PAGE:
The offensive output from Mets’ second basemen has been pretty dreadful. This should really come as no surprise to anybody who has watched a Mets game this year. I’m not really going out on a limb by saying that Luis Castillo, Alex Cora, and Ruben Tejada have been bad hitters, this season. The question I’m concerned with is, exactly how bad have they been in 2010? How can we put their poor level of play in perspective? Here’s an attempt to show just how badly they have hit this season.
After posting one of his best-ever line drive rates in 2009, Luis Castillo has crashed back down to Earth, hitting a career-high percentage of ground balls while hitting a career-low percentage of line drives. The end result has been a .257 BABIP, which is about what you’d expect out of a player hitting line drives about 14.7% of the time. Castillo’s BABIP doesn’t usually stray too far from his batting average, as he pretty much always puts the ball in play; he rarely strikes out and never homers. All told, Castillo has “produced” a .242/.336/.284/.620 line on the season. This makes him the best hitting Mets second baseman by a fair margin this season. For this production, Castillo will make $6 million this year.
Alex Cora is posting career-low totals in just about everything. He’s struggling to hit above .200, he has provided no power to speak of (9 extra base hits in 187 PA), and he rarely walks. This has produced a downright ugly .207/.265/.278/.543 line on the season. His batted ball numbers are pretty consistent with his career lines, and yet he’s posted a career-low .226 BABIP, which does not vibe well with his line drive percentage, so it’s possible he’s due for an upturn in luck over the last two months. He’s still not going to get a whole lot better, and it’s borderline crazy that the team valued his contributions to be worth $2 million this season, with a vesting option for next season to add insanity on top of crazy.
I don’t want to rip Ruben Tejada, as he had no business being in the major leagues as a 20 year old. He was overpromoted after injuries to Castillo and Jose Reyes forced the Mets to carry an extra middle infielder while Cora was forced into a starting role, which says more about the Mets’ depth issues in Buffalo than it does about Tejada’s own talents. Still, it’s worth pointing out that Tejada has outhit Cora on the season with a .211/.297/.250/.547 line, though when there are several pitchers in the National League who have outhit Cora, I’m not sure if that’s anything worth bragging about.
It is interesting to point out that despite a much better defensive reputation, it’s Tejada who has produced a negative UZR rating at second base this year, with a -1.5 in only 166 innings. By comparison, Cora and Castillo have been about average defensively, with Cora producing a 1.3 UZR in 344 innings, and Castillo producing a 1.1 UZR in 438 innings. Judging by my own eyes, though, I would like to see a larger sample size for both before conceding that either Cora or Castillo is a good defender.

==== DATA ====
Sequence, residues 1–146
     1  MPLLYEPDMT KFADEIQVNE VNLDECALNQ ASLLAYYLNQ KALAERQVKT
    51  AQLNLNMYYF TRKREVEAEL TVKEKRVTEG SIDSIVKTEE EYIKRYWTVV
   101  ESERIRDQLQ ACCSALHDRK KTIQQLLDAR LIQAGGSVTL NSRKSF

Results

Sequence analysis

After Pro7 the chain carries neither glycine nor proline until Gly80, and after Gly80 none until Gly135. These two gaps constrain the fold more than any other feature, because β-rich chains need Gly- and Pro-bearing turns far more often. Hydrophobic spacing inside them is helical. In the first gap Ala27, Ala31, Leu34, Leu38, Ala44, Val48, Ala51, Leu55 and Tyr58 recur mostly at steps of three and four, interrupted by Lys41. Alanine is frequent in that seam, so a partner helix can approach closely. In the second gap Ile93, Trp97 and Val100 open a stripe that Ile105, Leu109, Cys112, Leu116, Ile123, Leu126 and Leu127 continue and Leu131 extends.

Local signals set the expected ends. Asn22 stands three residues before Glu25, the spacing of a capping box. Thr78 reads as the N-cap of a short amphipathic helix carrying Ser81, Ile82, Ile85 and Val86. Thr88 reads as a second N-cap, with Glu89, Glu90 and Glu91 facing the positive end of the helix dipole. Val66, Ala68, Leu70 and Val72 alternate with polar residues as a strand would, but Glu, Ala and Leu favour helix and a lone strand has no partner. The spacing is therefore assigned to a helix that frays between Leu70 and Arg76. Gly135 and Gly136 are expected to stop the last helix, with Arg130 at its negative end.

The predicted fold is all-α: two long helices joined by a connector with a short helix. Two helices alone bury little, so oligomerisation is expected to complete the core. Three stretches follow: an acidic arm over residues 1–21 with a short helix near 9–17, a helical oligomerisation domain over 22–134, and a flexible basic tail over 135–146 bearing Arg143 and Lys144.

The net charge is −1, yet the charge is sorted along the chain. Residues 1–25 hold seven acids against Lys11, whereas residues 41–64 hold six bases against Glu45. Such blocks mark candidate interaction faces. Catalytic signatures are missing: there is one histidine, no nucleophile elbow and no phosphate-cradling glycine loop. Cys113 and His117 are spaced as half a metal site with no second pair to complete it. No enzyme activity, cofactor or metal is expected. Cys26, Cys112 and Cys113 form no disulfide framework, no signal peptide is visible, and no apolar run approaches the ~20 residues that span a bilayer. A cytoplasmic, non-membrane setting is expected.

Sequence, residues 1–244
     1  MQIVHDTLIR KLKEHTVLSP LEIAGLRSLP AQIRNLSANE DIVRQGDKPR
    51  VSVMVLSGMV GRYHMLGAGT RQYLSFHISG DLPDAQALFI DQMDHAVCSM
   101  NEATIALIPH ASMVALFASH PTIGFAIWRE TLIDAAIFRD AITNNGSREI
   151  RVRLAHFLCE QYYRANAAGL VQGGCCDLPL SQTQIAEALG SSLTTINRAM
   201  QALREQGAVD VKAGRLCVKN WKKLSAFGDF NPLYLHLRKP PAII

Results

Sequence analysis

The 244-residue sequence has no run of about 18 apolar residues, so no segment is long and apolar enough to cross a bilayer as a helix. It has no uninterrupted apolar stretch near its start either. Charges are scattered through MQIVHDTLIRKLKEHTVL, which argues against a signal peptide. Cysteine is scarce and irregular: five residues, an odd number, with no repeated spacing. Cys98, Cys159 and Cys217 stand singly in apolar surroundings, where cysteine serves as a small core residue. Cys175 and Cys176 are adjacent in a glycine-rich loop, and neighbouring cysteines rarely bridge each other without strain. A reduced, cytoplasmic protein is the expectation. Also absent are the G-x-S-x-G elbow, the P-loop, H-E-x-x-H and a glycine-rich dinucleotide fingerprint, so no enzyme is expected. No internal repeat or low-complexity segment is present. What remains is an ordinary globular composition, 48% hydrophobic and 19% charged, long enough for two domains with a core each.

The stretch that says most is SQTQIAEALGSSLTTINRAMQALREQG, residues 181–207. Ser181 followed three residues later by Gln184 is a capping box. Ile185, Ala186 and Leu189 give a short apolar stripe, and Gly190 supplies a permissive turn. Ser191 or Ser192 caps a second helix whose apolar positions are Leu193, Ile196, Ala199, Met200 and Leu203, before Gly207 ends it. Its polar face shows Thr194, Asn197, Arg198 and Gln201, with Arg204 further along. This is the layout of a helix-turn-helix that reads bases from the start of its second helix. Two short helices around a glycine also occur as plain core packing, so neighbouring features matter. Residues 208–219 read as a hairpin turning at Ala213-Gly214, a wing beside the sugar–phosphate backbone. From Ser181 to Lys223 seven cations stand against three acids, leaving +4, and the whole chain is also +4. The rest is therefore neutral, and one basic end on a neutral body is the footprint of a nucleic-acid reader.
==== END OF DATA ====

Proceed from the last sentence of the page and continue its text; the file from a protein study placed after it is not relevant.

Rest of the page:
Now that we’ve established that Castillo, Cora, and Tejada have been bad this year, let’s try to put thsi in perspective. They are 26th in the majors in on-base percentage, thanks entirely to Luis Castillo’s batting eye, the one useful hitting skill held by a Mets’ second baseman. They are eleventh in walks, with Castillo leading the way (28 of their 42 walks came from him in roughly half their plate appearances). They are dead last in the majors in slugging percentage, ahead of only the sixth-best organization in baseball Seattle Mariners. The Mets are the only team in baseball without so much as a single home run by a second baseman this season, and only two teams have fewer doubles this season than the Mets, which goes a long way towards explaining that league-low slugging percentage.
All told, Mets second basemen have produced a .232/.306/.289/.594 line on the season. That .594 OPS is the worst in the major leagues at second base by over 30 points. If you prefer more advanced statistics, their .273 wOBA, 8 points behind the 29th ranked Cubs. That is a truly woeful wOBA. Your eyes do not deceive you; Mets second basemen have been the worst hitting in the majors this season. For the privilege, the Mets have paid $8 million, and are scheduled to spend another $8 million on the same cast of characters again next season.
To be fair, this isn’t the worst collective hitting performance by a team at a specific position this season. The Mariners*, Nationals, Tigers, and Astros have had worse performances out of their catchers, the Mariners*, Astros, and Orioles have had worse performances out of their shortstops, the Mariners* and Angels have had worst performances from their third basemen, the Indians have seen their center fielders perform worse this season, and the Mariners* have gotten worse from their designated hitter spot.
* And you wonder why the #6org tag exists; that’s four separate positions where the Seattle Mariners have had worse offensive performances than 2010 Mets second basemen!
The front office simply cannot afford this type of production at second base again next season. Most enlightened baseball fans felt that giving Luis Castillo $24 million over four seasons after the 2007 season was an unwise decision, as he was a no-power second baseman whose only skills at the time were legging out ground balls for base hits and batting eye, and he was gradually starting to lose his legs. Today, his legs are gone and all that remains is the batting eye. Whether it be Omar Minaya or (hopefully) somebody else, the team cannot afford to punt an entire position this badly next season.